In an increasingly global economy, international experience for Indiana University MBA candidates comes from hands-on work in the field as much as the classroom. A group of students, led by Dr. Phil Powell, travel to Peru to help local entrepreneurs tackle business challenges using cutting edge business practices. The Kelley MBA GLOBASE initiative provides a unique social enterprise experience by partnering with Peruvian businesses to make a global impact.

Wednesday, March 23, 2011

Paprika and Piscos

Reflecting back on or time in Peru, it is difficult for Team Dirose to have envisioned a better project or better people to work with. Diego and Miguel's invention, multiple robotic arms for paprika pepper picking, could potentially revolutionize the way peppers are harvested throughout the world. We are fortunate to have had the opportunity to offer guidance for this project through presentation recommendations to financial institutions and potential customers, building financial models, and outlining overall strategic focus for the company. Perhaps the best experience we had working with Dirose was the relationship-building process. Latin culture is very much relationship-based, and much of our best progress on the project was made during lunch at Diego and Miguel's parents' house or over several Pisco Sours (the traditional Peruvian drink) in the evening. It truly was an invaluable international business experience.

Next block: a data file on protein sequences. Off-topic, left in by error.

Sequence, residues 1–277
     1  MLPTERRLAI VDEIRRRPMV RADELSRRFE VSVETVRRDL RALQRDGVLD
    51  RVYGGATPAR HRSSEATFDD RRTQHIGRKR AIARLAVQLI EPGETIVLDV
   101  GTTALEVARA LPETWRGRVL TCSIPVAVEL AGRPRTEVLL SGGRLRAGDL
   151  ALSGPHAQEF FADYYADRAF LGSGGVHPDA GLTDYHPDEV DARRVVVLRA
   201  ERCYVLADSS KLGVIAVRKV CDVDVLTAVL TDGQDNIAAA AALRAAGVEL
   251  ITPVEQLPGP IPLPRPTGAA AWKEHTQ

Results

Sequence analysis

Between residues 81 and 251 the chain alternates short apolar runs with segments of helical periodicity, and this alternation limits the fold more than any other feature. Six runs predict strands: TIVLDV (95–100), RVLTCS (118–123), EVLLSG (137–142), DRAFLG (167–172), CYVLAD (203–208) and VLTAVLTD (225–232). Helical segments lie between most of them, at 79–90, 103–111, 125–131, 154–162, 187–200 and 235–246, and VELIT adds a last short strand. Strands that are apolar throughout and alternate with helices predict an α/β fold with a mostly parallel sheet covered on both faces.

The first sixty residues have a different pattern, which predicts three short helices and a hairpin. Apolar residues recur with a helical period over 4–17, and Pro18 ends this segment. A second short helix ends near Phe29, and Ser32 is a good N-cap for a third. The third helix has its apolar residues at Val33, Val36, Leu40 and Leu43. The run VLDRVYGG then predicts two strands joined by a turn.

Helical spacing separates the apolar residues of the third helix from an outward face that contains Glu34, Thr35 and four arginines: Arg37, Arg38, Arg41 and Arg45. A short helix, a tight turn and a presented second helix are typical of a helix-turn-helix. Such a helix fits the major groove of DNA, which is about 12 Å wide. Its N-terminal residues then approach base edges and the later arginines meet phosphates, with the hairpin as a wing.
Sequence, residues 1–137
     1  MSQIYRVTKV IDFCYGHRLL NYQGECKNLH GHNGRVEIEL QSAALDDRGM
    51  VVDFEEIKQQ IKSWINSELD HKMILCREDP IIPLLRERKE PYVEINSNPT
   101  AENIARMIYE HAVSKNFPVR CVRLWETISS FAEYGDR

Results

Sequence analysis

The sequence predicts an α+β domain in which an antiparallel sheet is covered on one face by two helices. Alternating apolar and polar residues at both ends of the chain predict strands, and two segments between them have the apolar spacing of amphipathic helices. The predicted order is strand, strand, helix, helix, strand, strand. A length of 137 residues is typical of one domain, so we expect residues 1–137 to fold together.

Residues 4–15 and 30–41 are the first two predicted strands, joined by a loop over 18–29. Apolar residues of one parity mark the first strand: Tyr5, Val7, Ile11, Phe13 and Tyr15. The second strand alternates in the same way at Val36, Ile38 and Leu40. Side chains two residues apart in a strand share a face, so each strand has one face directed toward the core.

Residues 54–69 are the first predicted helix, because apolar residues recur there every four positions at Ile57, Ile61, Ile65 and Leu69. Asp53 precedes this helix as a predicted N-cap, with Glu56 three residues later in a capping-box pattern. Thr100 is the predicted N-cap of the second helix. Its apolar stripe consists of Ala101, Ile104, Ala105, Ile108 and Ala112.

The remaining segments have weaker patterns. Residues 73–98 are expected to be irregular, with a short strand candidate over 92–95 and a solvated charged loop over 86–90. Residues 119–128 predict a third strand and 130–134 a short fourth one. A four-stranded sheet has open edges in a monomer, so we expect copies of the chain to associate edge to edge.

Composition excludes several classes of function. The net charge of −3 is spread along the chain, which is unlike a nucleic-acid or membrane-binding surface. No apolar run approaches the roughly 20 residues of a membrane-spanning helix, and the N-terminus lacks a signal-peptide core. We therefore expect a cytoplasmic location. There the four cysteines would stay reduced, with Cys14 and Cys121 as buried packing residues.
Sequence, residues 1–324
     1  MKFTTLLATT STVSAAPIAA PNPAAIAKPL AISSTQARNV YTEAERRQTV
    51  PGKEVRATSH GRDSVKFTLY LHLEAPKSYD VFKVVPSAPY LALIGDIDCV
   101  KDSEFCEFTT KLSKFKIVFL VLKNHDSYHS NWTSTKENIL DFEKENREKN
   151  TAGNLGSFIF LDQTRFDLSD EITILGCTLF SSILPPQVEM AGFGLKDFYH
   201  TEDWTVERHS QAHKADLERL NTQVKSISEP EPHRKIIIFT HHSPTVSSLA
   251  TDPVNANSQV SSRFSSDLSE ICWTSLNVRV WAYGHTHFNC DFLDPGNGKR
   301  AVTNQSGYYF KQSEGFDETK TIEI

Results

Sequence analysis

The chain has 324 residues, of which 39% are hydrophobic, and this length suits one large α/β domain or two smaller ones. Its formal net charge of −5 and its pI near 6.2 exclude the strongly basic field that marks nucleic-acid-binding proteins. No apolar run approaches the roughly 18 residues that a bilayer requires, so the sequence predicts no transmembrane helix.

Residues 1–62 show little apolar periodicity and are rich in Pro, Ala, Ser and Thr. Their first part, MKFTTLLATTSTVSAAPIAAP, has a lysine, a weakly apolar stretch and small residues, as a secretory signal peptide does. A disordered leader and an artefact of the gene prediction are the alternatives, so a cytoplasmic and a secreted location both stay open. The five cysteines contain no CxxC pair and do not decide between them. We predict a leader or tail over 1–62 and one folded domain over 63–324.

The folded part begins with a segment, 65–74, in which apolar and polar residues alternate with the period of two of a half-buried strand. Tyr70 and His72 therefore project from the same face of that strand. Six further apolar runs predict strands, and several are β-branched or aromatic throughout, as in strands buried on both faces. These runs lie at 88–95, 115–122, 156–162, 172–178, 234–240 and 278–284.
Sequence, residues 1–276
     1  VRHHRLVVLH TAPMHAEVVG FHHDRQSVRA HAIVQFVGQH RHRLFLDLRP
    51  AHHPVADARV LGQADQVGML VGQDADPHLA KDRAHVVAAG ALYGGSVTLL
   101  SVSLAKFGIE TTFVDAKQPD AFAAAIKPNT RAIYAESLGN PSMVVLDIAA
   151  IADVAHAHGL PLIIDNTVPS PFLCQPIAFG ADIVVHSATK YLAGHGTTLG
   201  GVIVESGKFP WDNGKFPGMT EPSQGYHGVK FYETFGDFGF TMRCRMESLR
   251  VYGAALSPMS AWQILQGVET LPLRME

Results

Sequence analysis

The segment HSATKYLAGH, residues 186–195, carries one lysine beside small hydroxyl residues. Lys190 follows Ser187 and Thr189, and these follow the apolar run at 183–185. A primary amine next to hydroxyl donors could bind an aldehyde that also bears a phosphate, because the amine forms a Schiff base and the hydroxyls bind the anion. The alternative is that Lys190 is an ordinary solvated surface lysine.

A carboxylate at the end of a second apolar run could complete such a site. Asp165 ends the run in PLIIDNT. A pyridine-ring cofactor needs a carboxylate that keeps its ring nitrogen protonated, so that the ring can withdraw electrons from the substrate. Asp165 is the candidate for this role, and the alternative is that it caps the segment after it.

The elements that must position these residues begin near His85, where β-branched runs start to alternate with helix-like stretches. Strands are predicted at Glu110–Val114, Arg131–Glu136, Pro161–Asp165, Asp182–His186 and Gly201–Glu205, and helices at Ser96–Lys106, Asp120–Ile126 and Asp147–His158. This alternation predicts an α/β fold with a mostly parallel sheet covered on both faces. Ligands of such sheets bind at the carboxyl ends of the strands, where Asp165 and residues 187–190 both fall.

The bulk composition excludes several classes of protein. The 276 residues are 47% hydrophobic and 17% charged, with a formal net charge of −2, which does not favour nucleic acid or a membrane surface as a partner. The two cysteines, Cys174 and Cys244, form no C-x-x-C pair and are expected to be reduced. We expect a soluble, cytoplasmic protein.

The trip wasn't without its exciting expeditions in Peru though! Some of the adventures of Team Dirose members included surfing in the Pacific Ocean, paragliding in the mountains, four-wheeling in the Andes, and trekking through the lush national park of Paracas. Naturally, the highlight was our trip to Machu Picchu, where we explored the ancient city for an entire afternoon.

Thursday, March 10, 2011

A pleasurable stench of "hands on" education

Unique to the GLOBASE experience is "hands on" learning about your client's product and operations. Pictured above is one team's experience at a fish processing site. Their client, Gervasi, purchases seafood from fisherman at the dock, outsources the processing of it at the site, and sells final product throughout Peru. The team must identify a "go to market" plan for Gervasi's entry into the U.S. frozen fish market. This includes recommendation of local U.S. markets to target, vetting of cold storage sites, and forecast of product profitability based on U.S. prices.

To understand the business, the team toured a processing site to understand the different fish that Gervasi sells and the chain of production from fisherman's boat to final packaging. While a great time was had, the most memorable moment occurred in the Casa Andina lobby after hotel staff asked team members to hurry to their rooms and shower. Arrival of our esteemed Kelley MBA team was evidently not kind to their olfactory senses.

Another team works for client Selva de Oro. The company wants to export bamboo to the United States. During their research in Bloomington, the team determined that no market exists in the U.S. for Selva de Oro's bamboo. There task while in country is to determine a market for the bamboo internal to Peru - the hypothesis is furniture. The team's "hands on" research included a trip to the Bamboo Society and a tour of a furniture assembly facility. The team's six hour lunch with their client one day was a fun immersion in Latin business culture.